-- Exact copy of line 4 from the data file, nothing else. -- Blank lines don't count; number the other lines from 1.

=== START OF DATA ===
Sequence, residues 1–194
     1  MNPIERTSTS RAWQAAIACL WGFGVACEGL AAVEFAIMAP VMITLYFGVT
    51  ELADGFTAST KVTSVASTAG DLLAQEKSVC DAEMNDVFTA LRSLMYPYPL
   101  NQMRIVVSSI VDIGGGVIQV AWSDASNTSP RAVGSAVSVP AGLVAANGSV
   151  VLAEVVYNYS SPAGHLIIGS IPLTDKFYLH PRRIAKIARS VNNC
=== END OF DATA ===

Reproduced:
   101  NQMRIVVSSI VDIGGGVIQV AWSDASNTSP RAVGSAVSVP AGLVAANGSV